We now model the biomarker dynamics that are specific to each disease, by mapping the subjects’ disease stages to dysfunction scores. We assume that each subject at each visit has an underlying disease stage , where represents the months since baseline visit for subject at visit and represents the time shift of subject . We then assume that each subject at visit has a dysfunction score corresponding to multimodal pathology in brain region , which is a function of its disease stage:


where is a smooth monotonic function mapping each disease stage to a dysfunction score, having parameters corresponding to agnostic unit , where is the set of all agnostic units. Moreover, represents the index of the disease corresponding to subject , where is the set of all diseases modelled. For example, MCI and tAD subjects from ADNI as well as tAD subjects from the DRC cohort can all be assigned , while PCA subjects can be assigned . We implement as a parametric sigmoidal curve similar to [2], to enable a robust optimisation and because this accounts for floor and ceiling effects present in AD biomarkers – the monotonicity of this sigmoidal family is also very appropriate for many neurodegenerative diseases due to irreversability.

We further model the biomarker dynamics that are disease-agnostic, by constructing the mapping from the dysfunction scores to the biomarker measurements. We assume a set of given biomarker measurements for subject at visit in biomarker , where is the set of available biomarker measurements. We further denote by the trajectory parameters for biomarker within its agnostic unit , where : {1, …, K} maps each biomarker to a unique agnostic unit . These definitions allow us to formulate the likelihood for a single measurement as follows:


where represents the trajectory of biomarker within agnostic unit , with parameters , and is again implemented using a sigmoidal function for reasons outlined above. Parameters are used to define based on Eq. 1, where agnostic unit is now referred to as , to clarify this is the unit where biomarker has been allocated. Variable denotes the variance of measurements for biomarker .

We extend the above model to multiple subjects, visits and biomarkers to get the full model likelihood:


where is the vector of all biomarker measurements, while represents the stacked parameters for the trajectories of biomarkers in agnostic units, are the parameters of the dysfunction trajectories within the disease models, are the subject-specific time shifts and estimates measurement noise.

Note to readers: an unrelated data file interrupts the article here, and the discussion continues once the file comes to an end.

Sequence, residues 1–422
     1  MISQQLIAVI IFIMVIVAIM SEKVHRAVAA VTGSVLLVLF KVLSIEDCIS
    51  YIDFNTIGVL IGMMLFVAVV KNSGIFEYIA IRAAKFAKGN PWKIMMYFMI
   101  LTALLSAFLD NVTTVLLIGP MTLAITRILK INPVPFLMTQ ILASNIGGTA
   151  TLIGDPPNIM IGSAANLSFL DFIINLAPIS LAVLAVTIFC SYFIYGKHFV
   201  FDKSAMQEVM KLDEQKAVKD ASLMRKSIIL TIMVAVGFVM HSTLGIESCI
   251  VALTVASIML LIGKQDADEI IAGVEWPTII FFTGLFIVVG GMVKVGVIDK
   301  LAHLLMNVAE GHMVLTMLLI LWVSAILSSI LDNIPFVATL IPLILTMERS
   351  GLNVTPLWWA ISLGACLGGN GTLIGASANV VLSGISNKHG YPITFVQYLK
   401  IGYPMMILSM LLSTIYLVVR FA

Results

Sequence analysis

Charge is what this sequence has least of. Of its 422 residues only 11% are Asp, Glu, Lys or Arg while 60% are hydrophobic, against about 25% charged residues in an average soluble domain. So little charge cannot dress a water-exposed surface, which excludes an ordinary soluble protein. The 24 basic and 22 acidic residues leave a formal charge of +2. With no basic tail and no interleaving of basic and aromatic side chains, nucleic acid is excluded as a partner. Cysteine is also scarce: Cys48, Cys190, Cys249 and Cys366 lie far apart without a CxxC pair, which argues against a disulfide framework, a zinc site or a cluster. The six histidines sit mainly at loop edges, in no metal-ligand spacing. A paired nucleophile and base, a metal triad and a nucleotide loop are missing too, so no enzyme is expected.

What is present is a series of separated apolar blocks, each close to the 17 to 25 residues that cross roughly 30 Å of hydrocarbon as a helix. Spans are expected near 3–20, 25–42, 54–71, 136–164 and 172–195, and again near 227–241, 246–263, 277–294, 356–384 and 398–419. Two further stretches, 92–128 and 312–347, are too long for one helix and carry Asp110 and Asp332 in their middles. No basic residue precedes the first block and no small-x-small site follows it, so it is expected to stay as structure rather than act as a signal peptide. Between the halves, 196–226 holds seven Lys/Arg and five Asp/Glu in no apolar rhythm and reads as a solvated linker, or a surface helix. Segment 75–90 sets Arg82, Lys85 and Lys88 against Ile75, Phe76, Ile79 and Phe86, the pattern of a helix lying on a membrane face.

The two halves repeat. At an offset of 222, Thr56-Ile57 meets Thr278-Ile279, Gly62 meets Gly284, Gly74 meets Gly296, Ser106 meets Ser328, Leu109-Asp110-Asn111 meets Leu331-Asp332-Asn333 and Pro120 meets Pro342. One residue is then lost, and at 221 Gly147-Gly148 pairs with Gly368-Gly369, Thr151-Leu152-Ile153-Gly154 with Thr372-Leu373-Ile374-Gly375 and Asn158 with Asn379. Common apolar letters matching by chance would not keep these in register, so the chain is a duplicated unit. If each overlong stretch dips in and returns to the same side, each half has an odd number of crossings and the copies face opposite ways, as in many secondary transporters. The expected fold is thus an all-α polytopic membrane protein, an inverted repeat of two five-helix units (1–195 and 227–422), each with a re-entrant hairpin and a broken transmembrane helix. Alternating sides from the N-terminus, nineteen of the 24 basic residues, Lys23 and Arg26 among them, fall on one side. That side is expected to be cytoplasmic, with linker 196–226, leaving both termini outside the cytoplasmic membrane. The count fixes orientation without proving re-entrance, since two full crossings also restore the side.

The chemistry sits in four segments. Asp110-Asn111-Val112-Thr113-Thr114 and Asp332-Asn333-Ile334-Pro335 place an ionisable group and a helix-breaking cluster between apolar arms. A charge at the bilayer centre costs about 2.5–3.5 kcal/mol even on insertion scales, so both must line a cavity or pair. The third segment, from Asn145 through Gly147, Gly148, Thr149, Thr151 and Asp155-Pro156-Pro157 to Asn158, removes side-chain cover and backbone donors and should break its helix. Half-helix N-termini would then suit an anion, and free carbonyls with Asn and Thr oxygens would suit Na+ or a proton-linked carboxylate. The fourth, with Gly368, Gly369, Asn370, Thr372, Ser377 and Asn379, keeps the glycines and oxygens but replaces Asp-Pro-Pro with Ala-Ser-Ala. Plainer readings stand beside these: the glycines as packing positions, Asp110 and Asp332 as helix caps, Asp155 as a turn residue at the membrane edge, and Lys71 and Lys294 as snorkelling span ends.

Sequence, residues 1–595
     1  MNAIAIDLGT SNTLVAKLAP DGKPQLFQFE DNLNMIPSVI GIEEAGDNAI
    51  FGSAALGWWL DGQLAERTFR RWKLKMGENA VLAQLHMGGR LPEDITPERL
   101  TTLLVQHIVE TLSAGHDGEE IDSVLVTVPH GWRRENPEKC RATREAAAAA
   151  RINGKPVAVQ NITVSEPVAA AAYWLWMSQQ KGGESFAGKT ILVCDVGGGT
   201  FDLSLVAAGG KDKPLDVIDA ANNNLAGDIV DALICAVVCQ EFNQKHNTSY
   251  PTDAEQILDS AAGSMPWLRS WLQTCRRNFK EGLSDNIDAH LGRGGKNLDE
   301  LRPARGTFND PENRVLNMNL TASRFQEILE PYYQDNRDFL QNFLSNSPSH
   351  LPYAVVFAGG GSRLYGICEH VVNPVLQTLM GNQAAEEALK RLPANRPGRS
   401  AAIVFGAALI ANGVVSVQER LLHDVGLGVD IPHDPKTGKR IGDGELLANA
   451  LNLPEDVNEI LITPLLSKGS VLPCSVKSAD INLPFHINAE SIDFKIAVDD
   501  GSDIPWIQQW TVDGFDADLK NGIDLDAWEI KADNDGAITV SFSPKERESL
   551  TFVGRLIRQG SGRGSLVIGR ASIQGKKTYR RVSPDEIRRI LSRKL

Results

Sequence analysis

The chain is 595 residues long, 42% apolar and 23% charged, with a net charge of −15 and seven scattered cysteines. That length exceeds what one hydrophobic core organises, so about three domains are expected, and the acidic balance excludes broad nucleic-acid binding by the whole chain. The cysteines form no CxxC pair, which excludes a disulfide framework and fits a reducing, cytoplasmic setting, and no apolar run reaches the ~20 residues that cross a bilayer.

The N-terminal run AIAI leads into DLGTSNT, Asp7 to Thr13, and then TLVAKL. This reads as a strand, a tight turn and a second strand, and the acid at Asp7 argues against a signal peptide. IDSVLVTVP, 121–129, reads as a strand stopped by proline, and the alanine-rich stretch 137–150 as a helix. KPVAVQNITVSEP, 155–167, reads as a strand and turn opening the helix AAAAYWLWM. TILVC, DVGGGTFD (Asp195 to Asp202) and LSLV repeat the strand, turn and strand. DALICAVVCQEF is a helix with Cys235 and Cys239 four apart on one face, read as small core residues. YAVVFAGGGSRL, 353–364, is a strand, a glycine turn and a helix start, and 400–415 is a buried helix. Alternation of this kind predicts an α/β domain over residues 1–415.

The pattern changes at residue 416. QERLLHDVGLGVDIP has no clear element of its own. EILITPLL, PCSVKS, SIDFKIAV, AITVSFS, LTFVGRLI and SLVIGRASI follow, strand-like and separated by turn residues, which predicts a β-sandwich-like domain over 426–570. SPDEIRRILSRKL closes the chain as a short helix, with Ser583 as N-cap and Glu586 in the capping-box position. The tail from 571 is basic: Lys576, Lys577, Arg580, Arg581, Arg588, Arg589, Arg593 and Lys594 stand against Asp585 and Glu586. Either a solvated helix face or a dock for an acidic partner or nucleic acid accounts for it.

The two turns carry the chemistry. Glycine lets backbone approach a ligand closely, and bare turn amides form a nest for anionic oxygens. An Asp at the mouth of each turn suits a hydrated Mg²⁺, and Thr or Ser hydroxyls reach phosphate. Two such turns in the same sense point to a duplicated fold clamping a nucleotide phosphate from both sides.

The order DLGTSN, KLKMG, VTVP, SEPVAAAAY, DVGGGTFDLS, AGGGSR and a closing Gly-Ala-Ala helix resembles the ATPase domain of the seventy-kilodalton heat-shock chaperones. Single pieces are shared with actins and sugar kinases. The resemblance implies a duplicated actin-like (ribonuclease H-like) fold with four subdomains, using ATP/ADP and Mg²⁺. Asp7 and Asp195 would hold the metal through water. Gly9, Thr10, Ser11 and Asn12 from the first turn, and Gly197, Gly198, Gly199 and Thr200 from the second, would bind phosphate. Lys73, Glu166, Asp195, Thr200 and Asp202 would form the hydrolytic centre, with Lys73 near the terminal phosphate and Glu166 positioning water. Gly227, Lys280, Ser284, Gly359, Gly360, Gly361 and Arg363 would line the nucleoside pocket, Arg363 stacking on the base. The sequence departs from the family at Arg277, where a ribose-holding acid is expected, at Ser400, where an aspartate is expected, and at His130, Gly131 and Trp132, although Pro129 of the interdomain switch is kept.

We estimate the model parameters using loopy belief propagation – see algorithm in supplementary material. One key advantage of DKT is that the subject’s time shift can be estimated using only a subset (e.g. MRI) of the subject’s data – the model can then infer the missing modalities (e.g. non-MRI) using Eq. 3.

2.1 Generating Synthetic Data

We first test DKT on synthetic data, to assess its performance against known ground truth. More precisely, we generate data that follows the DKT model exactly, and test DKT’s ability to recover biomarker trajectories and subject time-shifts. We generate synthetic data from two diseases (50 subjects with ”synthetic PCA” and 100 subjects with ”synthetic AD”) using the parameters from the bottom-left table in Fig. 2, emulating the TADPOLE and DRC cohorts – see supplementary material for full details. The six biomarkers (-) have been a-priori allocated to two agnostic units and . To simulate the lack of multimodal data in the synthetic PCA subjects, we discarded the data from biomarkers , , and for all these subjects.

2.2 Data Acquisition and Preprocessing

We trained DKT on ADNI data from the TADPOLE challenge [6], since it contained a large number of multimodal biomarkers already pre-processed and aggregated into one table. From the TADPOLE dataset we selected a subset of 230 subjects which had an MRI scan and at least one FDG PET, AV45, AV1451 or DTI scan. In order to model another disease, we further included MRI scans from 76 PCA subjects from the DRC cohort, along with scans from 67 tAD and 87 age-matched controls.